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Minimum Wage Bill Threatens Access to Care

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A bill that claims to address health care worker retention in fact jeopardizes health care jobs, treats California’s essential workers inequitably, and reduces access to care throughout the state. 

Senate Bill (SB) 525 (Durazo, D-Los Angeles) would increase the minimum wage for all workers in all health care settings — including all paid work occurring on hospital premises (for example, delivery drivers, repair workers, and ride share or medical transport workers) regardless of whether they are employed by an entity other than the hospital — to $25 an hour starting Jan. 1, 2024. That amount would increase by 3.5% every year or inflation, whichever is greater.  

This comes at a time when California hospitals continue to grapple with an unprecedented financial crisis, and patients are already seeing a degradation in their access to health care services. The bottom line is that this bill further threatens hospitals’ ability to care for patients, leading to more uncertainty and diminished care for every community in California. 

That’s why CHA is part of a broad coalition opposing this bill — because no matter how committed hospitals are to supporting the women and men who help deliver health care in California, SB 525 cannot escape four glaring problems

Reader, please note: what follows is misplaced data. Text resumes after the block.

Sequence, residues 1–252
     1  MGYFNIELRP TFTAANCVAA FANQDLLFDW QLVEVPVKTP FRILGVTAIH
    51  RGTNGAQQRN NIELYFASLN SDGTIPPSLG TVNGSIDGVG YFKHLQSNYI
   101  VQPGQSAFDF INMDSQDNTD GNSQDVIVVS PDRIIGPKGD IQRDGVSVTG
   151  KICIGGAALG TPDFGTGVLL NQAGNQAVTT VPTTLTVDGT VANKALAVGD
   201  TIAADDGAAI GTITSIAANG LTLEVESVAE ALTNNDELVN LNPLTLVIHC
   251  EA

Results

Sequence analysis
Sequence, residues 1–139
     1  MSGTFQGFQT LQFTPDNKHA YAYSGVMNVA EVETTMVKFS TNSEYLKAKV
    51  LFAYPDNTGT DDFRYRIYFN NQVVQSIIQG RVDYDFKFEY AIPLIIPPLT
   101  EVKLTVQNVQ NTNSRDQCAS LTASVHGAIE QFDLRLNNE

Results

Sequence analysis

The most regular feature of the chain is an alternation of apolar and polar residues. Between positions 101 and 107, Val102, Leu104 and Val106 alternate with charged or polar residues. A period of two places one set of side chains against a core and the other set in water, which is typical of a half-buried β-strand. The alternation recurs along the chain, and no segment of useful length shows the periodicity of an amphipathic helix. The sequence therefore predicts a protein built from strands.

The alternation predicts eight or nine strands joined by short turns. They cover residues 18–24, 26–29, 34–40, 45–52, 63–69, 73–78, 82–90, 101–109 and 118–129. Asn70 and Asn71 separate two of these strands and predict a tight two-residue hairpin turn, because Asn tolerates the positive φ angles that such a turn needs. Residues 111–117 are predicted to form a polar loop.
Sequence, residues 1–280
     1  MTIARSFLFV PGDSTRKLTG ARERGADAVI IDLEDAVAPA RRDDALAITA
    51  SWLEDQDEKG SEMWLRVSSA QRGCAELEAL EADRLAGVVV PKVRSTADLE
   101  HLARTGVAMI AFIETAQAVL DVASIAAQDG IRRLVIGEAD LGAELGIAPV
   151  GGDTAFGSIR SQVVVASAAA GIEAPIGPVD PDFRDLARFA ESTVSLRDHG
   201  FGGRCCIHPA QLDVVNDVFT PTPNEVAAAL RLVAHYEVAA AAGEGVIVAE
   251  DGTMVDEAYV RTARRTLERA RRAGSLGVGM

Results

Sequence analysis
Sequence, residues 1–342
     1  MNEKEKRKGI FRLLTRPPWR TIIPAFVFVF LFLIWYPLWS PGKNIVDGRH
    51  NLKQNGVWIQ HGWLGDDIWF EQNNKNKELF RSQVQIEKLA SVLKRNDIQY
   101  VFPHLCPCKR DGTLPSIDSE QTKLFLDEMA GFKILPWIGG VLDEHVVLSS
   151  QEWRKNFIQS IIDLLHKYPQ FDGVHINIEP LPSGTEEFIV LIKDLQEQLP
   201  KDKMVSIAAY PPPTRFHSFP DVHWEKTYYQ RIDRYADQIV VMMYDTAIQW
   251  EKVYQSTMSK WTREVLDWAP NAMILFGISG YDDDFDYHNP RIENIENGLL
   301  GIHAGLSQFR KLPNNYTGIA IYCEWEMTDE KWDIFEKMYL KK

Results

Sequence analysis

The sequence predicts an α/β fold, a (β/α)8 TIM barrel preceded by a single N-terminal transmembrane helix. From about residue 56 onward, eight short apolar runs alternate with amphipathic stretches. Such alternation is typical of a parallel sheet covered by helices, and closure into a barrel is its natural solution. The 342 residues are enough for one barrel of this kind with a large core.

• SB 525 would reduce access to critical health care services. The cost to care for patients will increase at hospitals, nursing homes, physician offices, reproductive health clinics, federally qualified health centers, and more. For the hundreds of health providers facing deep financial distress, the increase in labor costs will require the reduction or elimination of health services or even bankruptcy and outright closure. This would be catastrophic for disadvantaged communities already facing challenges accessing critical health care services. 
  • SB 525 would increase health care costs. Compensation for hospital workers makes up nearly 60% of the cost of providing care. Increasing labor expenses by billions of dollars overnight means higher costs to deliver health care in California, greater costs for employers providing health insurance coverage, and higher costs for individuals purchasing health insurance for themselves and their family. 
  • SB 525 would lead to fewer health care jobs. Hospitals and other providers will have no choice but to cut positions and services to comply. With fewer positions and potentially fewer providers, health care professionals will have fewer opportunities, be at heightened risk of job loss, and have less flexibility in the positions that are available. 
  • SB 525 would treat employees inequitably. This bill picks winners and losers, raising income for a select few in the health care sector while increasing costs for everyone working in other fields. Other essential employees, such as grocery store, agricultural, and school workers, will be left behind and will face higher insurance costs to cover the increased wages for those in the health sector.  

Most importantly, SB 525 simply fails to recognize the increasing fragility of California’s health care system. Every day, hospitals teeter on the edge of a financial cliff and communities are left in limbo, wondering whether the emergency services, maternity care, and strong hospital jobs they rely on will continue to exist in the coming weeks and months.